Purple has always been a ‘royal’ color that originally came from snail slime. You heard right: snail slime!
Archeologists have dated “royal” purple garments dyed with snails to as old as 1,000 B.C and only three species produce this dye.
The marine snails from the genera Murex, Thais and Plicopurpura produce slime, a secretion from their mucus gland—like other snails. But in their slime is a compound, which in the presence of light and oxygen, is purple.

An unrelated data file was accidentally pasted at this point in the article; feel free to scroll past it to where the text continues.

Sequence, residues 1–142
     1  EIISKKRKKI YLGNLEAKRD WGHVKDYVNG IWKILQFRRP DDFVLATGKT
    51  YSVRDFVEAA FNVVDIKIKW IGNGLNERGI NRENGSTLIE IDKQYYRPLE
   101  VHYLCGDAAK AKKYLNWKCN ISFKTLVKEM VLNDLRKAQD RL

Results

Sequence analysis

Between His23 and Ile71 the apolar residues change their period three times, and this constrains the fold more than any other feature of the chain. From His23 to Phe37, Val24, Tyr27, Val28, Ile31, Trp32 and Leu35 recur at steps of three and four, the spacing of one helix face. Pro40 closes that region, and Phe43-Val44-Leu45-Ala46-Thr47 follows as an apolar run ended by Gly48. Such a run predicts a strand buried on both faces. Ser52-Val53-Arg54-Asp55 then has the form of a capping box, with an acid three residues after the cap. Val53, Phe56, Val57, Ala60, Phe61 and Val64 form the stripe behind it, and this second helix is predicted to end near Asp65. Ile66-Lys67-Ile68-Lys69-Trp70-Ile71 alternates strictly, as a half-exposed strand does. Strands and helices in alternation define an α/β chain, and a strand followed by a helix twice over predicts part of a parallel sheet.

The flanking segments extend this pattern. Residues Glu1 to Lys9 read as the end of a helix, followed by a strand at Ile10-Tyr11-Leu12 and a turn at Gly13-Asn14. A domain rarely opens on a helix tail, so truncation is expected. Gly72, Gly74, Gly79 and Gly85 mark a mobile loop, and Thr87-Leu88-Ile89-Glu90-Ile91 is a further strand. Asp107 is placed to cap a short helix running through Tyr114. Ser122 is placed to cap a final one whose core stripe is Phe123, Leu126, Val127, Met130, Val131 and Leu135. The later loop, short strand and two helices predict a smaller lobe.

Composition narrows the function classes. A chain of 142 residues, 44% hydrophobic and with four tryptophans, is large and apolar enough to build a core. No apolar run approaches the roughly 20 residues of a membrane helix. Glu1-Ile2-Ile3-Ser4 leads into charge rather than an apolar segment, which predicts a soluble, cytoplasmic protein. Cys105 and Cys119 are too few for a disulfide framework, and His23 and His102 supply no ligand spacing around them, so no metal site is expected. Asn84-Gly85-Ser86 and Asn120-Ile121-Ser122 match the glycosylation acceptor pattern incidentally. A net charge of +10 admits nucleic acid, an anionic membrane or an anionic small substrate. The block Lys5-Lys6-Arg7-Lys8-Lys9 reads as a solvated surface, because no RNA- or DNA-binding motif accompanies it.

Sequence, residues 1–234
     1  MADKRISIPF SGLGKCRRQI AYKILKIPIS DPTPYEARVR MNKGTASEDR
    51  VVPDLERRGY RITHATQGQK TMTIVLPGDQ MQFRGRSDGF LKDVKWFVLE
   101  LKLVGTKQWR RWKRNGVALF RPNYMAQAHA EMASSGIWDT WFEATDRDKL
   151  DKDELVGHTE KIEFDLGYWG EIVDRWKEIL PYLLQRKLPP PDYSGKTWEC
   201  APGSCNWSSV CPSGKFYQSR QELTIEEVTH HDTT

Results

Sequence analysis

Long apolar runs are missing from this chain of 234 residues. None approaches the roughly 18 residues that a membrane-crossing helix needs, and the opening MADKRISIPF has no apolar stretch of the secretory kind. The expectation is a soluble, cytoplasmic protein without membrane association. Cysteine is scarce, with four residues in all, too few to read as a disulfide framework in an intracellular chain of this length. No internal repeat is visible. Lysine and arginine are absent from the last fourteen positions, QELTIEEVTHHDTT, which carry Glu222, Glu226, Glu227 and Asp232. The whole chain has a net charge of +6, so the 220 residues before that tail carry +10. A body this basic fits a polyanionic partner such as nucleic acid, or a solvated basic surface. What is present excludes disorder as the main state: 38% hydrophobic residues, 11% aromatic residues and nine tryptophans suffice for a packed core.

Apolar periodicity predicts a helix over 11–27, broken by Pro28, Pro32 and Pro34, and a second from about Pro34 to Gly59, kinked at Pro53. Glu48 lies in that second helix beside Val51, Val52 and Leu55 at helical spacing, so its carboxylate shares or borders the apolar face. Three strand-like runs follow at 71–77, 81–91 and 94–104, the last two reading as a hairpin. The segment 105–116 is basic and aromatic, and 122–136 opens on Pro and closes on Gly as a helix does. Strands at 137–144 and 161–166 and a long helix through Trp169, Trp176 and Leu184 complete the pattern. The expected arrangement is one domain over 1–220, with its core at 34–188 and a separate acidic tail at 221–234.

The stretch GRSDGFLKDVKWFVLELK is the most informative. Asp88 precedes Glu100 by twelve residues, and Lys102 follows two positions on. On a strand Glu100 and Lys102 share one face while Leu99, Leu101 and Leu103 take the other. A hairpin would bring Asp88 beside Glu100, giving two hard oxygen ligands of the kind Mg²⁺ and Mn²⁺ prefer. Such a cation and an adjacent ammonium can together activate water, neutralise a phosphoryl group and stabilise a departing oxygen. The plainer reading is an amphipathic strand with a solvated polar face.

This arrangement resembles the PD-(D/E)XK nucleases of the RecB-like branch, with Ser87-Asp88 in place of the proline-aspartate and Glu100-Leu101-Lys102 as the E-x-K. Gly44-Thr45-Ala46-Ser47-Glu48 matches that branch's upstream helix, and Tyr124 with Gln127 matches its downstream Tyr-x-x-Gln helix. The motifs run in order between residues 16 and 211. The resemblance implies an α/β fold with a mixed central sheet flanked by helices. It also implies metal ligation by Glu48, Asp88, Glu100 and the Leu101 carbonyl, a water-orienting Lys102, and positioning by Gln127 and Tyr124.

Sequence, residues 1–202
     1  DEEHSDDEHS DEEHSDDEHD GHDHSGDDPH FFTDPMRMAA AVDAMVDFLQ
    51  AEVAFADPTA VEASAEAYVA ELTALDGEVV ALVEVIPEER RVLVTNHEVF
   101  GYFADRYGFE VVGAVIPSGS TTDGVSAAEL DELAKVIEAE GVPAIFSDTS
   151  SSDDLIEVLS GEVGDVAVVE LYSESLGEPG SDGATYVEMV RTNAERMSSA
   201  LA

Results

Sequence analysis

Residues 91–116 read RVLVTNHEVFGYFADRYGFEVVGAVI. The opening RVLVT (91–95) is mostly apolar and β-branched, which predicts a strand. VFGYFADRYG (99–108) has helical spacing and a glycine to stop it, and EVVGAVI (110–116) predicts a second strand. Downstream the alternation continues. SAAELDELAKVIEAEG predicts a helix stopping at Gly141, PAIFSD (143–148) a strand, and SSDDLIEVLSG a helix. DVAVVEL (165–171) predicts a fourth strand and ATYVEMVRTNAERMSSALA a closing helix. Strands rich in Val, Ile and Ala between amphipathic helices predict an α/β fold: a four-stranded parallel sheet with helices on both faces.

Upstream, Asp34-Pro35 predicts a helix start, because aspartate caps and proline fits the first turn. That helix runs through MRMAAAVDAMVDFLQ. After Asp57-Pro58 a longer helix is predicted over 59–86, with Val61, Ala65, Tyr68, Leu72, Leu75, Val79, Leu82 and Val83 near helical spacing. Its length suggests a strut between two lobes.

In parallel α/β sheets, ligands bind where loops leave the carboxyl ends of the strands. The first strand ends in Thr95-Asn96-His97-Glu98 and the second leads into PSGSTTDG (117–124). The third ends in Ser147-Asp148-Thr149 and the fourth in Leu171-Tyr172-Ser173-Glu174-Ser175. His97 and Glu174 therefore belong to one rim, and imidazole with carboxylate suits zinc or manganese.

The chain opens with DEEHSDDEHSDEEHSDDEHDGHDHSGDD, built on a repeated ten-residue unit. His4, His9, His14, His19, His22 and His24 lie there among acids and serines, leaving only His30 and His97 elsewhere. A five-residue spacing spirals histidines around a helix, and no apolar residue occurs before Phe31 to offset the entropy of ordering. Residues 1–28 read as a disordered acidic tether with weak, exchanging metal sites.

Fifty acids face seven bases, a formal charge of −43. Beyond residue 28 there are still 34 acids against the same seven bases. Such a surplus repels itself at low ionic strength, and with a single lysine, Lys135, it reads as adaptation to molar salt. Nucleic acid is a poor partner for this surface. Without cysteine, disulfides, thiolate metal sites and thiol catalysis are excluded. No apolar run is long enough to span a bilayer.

In the past collecting the dye meant killing the intertidal snails. But people on the Pacific coast of Mexico and Central America learned how to ‘milk’ Plicopurpura snails for centuries for Tyrian purple, and still do for traditional garments.
It’s painstaking work to collect a significant amount of dye as one of our Shape of Life team can attest to having ‘milked’ Plicopurpura pansa snails from the intertidal shore of Baja, Mexico.